Numbers Aren’t Everything
I thought the only way to have a successful Pinterest account was to have loads of followers. I was wrong. Your followers don’t reflect on the amount of monthly views you could receive. I currently have 95 followers and I’m generating 33k monthly views. I find it really hard to gain new followers on Pinterest and if you do too don’t be disheartened. I guess it’s the one platform where followers really don’t matter!
Remember To Have Fun!
The moment I start to over analyse my social media accounts is the moment I stress and begin to think negatively. Yes, we’re all trying to reach goals, but it’s important to have fun along the way. The moment I begin to relax and throw myself into just having fun with my account and enjoy the content I pin, or upload is when I start seeing more and more results. Search for pins that inspire you, or focus on writing creative captions – whatever it is – have fun and don’t let it become a chore!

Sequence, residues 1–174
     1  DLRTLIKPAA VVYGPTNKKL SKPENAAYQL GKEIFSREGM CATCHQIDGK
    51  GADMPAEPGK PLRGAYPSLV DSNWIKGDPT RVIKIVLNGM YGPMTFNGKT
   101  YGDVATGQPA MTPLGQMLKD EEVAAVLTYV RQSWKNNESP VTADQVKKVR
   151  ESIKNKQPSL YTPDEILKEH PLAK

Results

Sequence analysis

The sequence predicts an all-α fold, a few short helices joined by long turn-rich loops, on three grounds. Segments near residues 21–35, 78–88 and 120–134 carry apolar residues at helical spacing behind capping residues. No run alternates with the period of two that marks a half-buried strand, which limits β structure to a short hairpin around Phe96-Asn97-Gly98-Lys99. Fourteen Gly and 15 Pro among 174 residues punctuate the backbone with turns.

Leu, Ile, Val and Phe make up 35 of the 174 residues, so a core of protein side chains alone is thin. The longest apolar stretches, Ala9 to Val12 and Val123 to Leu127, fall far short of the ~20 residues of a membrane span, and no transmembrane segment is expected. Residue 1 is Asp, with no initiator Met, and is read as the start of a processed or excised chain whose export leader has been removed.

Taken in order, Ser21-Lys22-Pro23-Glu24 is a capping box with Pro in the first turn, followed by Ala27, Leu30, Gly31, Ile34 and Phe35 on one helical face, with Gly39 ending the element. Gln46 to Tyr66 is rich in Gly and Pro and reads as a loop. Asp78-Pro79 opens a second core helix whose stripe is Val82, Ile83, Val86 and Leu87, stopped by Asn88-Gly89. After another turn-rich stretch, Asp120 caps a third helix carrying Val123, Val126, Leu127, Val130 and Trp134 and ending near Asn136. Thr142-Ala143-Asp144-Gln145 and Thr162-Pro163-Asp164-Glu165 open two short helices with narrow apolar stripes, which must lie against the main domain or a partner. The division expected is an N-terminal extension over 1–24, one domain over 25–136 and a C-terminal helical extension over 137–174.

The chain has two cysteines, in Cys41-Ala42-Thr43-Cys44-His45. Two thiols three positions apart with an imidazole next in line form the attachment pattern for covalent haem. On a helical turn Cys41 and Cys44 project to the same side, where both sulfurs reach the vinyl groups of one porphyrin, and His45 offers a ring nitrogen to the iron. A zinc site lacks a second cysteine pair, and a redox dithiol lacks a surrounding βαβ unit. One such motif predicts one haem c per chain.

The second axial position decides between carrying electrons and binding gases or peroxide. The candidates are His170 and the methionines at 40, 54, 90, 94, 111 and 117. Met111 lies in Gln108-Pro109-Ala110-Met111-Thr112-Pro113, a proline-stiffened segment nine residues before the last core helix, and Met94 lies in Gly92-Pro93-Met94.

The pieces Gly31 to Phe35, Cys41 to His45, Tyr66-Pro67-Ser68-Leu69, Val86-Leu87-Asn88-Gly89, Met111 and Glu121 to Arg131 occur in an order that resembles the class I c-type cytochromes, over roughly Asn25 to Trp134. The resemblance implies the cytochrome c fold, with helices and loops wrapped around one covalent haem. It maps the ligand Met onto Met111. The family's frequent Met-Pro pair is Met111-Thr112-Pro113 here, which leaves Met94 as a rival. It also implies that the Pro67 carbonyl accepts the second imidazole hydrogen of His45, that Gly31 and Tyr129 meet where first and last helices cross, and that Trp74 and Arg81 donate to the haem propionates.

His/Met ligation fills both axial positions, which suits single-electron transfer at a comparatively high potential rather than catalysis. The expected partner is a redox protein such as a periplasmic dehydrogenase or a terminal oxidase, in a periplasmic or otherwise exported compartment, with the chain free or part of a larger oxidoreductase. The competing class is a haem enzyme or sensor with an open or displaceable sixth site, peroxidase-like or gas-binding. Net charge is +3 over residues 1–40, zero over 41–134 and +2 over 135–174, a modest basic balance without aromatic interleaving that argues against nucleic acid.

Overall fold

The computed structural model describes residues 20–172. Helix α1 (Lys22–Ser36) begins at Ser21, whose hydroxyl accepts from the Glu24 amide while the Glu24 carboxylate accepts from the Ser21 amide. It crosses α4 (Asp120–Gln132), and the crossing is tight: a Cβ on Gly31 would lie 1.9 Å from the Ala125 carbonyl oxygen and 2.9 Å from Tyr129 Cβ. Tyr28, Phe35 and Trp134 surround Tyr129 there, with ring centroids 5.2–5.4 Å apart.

Take Five Minutes Each & Everyday
I know there are social media tools out there where you can schedule your Pinterest pins (Buffer is one of them if anyone is wondering), but I personally don’t see the point in that. I literally spend five minutes in the morning (usually when I’m waiting for the kettle to boil) and if I have the time I’ll spend another five minutes in the evening to pin (when the Big Bang Theory is on an ad break). During this time I make sure I pin images into all of my boards, so that my content/pins are spread across my whole profile. I just like to make sure there are new pin/s in each board every day to keep it fresh and current.
How do you find Pinterest? Do you have any recommendations? I’m always looking for new accounts to follow, so please leave your username and I’ll give you a follow! If you want to see my Pinterest account you can view it here.
Sarah Jayne x
Want more lifestyle, or opinion pieces? Check out my Girl Talk section here.